Sustainability Demands Impact Consumer Electronics Industry

The current economic transition will open new markets for businesses that innovate and take advantage of green growth opportunities. Others will be put at risk.

Sustainability Demands Impact Consumer Electronics Industry

The economy as we know it today was built over the past two hundred years, and it will have to be changed radically over the next twenty years to achieve global decarbonization and net-zero emissions. This economic transition will open new markets for businesses that innovate and take advantage of green growth opportunities. Others will be put at risk.

As the implications of climate change are becoming more and more apparent, there is an increasing focus on the consumer electronics industry and the direct environmental impact of electronics and the electronics industry as a whole.

It wasn´t always like this. Before, the electronics industry was regarded as a rather clean industry that is helping other “dirty” and unsustainable industries become more environmentally friendly by providing them with digital solutions that reduce their negative environmental impact.

It was not until recently that the consumer electronics industry started receiving the same attention as other manufacturing industries. And even then, the pandemic arrived and slowed down this equalization by portraying it as a “savior” because electronics helped propagate and enable social distancing and remote work by transforming decades-old processes in weeks.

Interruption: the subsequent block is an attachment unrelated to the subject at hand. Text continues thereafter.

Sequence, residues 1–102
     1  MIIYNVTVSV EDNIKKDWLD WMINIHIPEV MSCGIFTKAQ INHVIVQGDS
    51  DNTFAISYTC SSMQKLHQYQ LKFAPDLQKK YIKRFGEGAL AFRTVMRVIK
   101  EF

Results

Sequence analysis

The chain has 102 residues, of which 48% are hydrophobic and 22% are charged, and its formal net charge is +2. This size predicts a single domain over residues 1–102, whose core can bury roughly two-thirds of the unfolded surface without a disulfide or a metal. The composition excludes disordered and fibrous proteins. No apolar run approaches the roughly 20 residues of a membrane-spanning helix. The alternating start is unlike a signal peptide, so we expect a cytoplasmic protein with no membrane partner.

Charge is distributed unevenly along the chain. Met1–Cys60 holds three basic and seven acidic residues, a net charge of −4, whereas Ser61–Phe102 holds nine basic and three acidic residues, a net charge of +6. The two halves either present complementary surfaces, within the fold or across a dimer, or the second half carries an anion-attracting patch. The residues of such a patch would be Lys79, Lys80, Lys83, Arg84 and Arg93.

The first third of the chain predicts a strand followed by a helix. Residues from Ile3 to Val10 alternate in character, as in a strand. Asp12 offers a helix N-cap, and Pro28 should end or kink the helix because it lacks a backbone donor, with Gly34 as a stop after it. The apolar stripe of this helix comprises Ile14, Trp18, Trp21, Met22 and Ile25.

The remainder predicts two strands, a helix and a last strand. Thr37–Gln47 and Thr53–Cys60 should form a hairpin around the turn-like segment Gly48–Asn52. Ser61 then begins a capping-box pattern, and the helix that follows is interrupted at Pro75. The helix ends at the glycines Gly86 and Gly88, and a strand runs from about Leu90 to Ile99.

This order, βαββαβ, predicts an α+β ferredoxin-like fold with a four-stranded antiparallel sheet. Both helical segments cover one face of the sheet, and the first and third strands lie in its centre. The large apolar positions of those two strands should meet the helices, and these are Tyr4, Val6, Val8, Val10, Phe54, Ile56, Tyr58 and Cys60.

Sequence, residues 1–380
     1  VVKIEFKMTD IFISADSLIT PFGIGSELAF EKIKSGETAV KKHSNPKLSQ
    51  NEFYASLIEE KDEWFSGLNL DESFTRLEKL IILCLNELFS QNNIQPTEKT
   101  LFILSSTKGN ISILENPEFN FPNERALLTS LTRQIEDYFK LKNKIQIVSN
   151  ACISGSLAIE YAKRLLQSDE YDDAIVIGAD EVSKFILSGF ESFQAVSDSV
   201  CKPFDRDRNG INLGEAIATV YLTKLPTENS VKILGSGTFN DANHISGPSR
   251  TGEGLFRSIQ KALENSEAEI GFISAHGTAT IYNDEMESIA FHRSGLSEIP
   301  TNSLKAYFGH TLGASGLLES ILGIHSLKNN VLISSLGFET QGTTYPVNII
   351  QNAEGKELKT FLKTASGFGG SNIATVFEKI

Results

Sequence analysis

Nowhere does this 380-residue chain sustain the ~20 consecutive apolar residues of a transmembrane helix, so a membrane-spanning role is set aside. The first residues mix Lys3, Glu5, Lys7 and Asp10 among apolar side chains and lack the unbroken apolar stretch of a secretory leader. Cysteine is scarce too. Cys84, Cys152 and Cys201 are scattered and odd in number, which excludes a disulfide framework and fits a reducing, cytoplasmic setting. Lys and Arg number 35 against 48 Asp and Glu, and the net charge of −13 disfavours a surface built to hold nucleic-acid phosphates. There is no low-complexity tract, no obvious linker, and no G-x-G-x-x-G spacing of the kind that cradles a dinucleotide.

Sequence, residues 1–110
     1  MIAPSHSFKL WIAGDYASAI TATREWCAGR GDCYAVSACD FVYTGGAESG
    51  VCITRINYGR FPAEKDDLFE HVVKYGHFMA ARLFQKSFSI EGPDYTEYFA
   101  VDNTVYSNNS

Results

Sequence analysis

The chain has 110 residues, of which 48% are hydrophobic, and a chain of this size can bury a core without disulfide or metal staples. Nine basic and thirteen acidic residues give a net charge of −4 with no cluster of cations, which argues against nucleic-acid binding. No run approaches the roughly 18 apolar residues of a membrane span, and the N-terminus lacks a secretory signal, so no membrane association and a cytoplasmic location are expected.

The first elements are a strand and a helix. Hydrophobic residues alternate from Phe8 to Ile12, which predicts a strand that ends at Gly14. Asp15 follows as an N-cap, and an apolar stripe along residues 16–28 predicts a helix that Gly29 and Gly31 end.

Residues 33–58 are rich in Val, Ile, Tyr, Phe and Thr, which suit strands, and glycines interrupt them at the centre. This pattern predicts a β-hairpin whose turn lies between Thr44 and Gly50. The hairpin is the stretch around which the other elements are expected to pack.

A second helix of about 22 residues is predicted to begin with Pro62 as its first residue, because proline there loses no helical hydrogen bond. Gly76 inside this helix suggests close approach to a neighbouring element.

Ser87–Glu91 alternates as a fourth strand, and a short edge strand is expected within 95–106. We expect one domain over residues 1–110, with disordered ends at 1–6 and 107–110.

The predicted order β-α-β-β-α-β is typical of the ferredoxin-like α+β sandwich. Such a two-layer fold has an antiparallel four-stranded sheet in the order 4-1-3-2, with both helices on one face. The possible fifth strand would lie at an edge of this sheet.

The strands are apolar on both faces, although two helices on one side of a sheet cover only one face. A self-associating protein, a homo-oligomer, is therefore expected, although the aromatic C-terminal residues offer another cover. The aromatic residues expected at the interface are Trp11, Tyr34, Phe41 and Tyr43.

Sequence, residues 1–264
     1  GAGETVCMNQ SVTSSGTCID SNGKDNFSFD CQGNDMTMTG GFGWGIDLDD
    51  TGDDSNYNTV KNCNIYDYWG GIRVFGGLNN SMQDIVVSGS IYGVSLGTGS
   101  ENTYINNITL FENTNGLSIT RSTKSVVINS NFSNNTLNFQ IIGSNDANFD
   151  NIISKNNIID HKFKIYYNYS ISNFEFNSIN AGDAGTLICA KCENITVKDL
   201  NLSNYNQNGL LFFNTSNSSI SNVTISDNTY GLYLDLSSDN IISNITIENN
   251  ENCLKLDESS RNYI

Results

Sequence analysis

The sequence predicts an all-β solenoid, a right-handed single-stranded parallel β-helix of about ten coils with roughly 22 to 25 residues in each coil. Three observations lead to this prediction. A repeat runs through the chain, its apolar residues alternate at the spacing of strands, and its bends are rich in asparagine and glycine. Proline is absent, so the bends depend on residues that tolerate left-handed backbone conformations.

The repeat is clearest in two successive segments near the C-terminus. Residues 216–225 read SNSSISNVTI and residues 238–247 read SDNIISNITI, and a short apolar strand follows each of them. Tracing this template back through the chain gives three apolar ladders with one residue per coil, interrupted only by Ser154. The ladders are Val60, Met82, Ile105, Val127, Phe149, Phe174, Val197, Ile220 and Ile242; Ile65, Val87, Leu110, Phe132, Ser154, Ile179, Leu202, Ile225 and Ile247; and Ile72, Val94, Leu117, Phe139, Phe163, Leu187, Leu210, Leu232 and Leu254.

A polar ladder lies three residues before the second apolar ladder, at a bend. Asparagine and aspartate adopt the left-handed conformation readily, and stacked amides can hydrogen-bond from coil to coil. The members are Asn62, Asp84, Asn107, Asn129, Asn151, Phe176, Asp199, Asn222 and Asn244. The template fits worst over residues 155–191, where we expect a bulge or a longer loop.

That period, however, has finally ended and the whole consumer electronics industry is becoming affected by regulations and audits regarding its environmental performance. Relatively short consumer electronics lifecycles and consumers accustomed to frequent changing of electronics are creating increasing piles of electronic waste that has an enormous impact on the environment.

And if that was not enough, an increasing amount of data transmission and storage increases the amount of data centers that consume a great deal of electricity and produce a severe carbon footprint.

Sustainability as a Challenge

According to a study conducted by Ecofys, the electrical, machinery, metals, and manufacturing sector accounts for 10% of the consumption of key raw materials, 17% of GHG emissions, 5% of water use, and 8% of land use. This shows that the impact on the environment from the consumer electronics industry is moderate when compared with other sectors such as food production and agriculture.

However, the industry is a vital sector for the circular economy due to the following reasons: